ROMO: During her last interview Saturday night, she told Mexican media that she needed time to get emotionally well. Asked about her Christmas plans, she said -- I want to be with my family, but God only knows what's going to happen.


ROMO: And more recently, Jenni Rivera made headlines in October when she announced her marriage to pitcher Esteban Wisa was coming to an end. She is survived by her five children, four brothers and her parents.

ROWLANDS: Tragic story, just horrible. All right, Rafael, thanks.

Michigan is on the cusp of becoming the latest right to work state in the country. Just ahead, we'll hear from both sides in this watershed moment in the birthplace of the United Auto Workers. Stay with us.


ROWLANDS: About 40 minutes from now, President Obama heads to Detroit area where he'll be touting the fiscal cliff at a diesel truck engine plant. Detroit news reports the plant is owned by Don Lehr AG and they're expecting to announce $100 million in new investments as it tries to expand beyond diesel engines.

Many large trucks as you know, run on diesel fuel, but now, there is talk about replacing it with cleaner burning liquid gas. Many believe it is the next biggest thing in long haul trucking, but there are still some major bumps in the road as our Tory Dunnan reports.


TORY DUNNAN, CNN CORRESPONDENT (voice-over): Diesel is king here at the Flying J truck stop near Richmond, Virginia. With it, Nathaniel Keating has pushed his rig 3.5 million miles.

NATHANIEL KEATING, TRUCK DRIVER: You name it, I've hauled it.

DUNNAN: But truckers here don't have to look far to see the future. Alone in a corner, sits a new liquefied natural gas island, LNG as it's called, is cheaper, cleaner and supporters say more plentiful than diesel. But there's a problem.

(on camera): Say you want to drive a truck like this coast to coast using only liquid natural gas. Here's what you'd be up against. These are the only open and public LNG fuelling stops across the country and there are only 30 of them.

A tank of LNG would take you about 700 miles, so going westward from Washington, D.C., unless you go completely out of your way, you'd run out of gas just outside Nashville.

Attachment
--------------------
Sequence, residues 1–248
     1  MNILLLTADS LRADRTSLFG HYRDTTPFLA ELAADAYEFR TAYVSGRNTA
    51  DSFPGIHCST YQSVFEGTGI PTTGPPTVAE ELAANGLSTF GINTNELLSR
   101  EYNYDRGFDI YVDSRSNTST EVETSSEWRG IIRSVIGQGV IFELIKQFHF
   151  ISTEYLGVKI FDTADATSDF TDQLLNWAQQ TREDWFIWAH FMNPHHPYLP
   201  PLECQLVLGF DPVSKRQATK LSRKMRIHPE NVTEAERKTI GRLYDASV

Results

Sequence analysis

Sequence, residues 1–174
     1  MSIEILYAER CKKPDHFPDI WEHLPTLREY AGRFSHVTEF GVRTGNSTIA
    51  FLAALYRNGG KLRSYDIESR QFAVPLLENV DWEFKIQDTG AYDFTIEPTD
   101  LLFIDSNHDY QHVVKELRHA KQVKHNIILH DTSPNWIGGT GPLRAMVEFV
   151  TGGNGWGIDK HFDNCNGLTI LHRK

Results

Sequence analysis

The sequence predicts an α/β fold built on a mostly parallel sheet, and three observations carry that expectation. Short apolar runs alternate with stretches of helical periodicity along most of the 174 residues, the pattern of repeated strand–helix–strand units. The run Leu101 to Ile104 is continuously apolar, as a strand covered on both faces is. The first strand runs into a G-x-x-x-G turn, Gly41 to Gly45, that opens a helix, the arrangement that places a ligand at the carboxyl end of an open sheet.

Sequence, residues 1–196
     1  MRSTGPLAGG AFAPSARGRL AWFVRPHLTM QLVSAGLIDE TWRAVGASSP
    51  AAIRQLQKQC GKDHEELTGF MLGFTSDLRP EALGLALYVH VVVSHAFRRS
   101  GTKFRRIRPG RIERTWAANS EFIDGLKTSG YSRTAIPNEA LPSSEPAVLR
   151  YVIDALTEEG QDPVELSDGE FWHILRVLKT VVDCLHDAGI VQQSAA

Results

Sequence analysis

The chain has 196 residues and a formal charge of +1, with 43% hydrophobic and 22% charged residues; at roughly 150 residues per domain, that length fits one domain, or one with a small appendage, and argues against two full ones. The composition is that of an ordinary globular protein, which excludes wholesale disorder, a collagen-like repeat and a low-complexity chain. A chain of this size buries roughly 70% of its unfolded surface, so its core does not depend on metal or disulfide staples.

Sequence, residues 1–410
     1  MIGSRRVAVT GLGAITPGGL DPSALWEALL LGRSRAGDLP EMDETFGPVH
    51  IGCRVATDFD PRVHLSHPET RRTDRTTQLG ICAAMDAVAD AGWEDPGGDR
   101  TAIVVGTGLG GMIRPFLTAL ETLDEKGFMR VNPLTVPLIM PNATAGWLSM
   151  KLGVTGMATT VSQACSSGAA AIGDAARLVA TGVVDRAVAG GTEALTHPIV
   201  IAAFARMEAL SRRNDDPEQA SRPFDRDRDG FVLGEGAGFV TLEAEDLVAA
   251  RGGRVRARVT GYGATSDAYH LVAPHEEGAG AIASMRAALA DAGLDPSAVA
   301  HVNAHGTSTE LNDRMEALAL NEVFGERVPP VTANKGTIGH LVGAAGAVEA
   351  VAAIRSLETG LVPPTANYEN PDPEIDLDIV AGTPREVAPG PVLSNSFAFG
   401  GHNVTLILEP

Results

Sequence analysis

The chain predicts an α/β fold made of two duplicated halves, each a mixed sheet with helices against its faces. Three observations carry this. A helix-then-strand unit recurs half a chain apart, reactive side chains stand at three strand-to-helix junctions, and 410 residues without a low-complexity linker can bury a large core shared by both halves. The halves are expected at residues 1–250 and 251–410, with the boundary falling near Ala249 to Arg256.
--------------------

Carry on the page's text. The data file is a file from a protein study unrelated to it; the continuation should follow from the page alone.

(voice-over): It's what the industry calls the chicken and egg dilemma. What comes first, new trucks or pumps? The American Trucking Association recently held a sold out summit about just that.

UNIDENTIFIED MALE: It's going to happen. I promise you it's going to happen.

DUNNAN: Texas oil man turned natural gas crusader, T. Boone Pickens says Henry Ford faced the same problem.

T. BOONE PICKENS, BOARD MEMBER, CLEAN ENERGY: If somebody said at that point, Henry, have you thought about it, you don't have any filling stations. He said, gosh, I'll forget this idea. That's not what he said. Don't worry about it. You'll get filling stations. If the car shows up, filling stations will come.

DUNNAN: By spring, the number of LNG stops will skyrocket to about 150, but when they'll open is uncertain. You'd think environmentalists would be thrilled of the prospect of replacing dirty diesel with clean natural gas, not quite.

UNIDENTIFIED MALE: We think a rush to liquefy natural gas is a mistake.

DUNNAN: While natural gas may burn cleaner, problems arise when the gas leaks.

FRED KRUPP, ENVIRONMENTAL DEFENSE FUND: The leakage of that gas itself is such a potent greenhouse gas, 70 times more potent than carbon dioxide. That undermines the greenhouse gas advantage.

DUNNAN: Bottom line, the industry says LNG is cheaper than diesel fuel.

KEATING: But I think it will work in the end.

DUNNAN (on camera): Just a matter of time?

KEATING: Just a matter of time.

DUNNAN: Tory Dunnan, CNN, Washington.


ROWLANDS: President Obama went "Gangnam Style" over the weekend, but not without a little controversy involving this South Korean rapper. Stay with us.

(COMMERCIAL BREAK) ROWLANDS: Checking our top stories, another day, another bizarre twist in the case of American tech mogul, John McAfee. After weeks of living in hiding, he spoke to reporters from an immigration detention center in Guatemala City.

He's fighting deportation to Belize where authorities want to question about him the death of a neighbor. McAfee says he now wants to return to the U.S.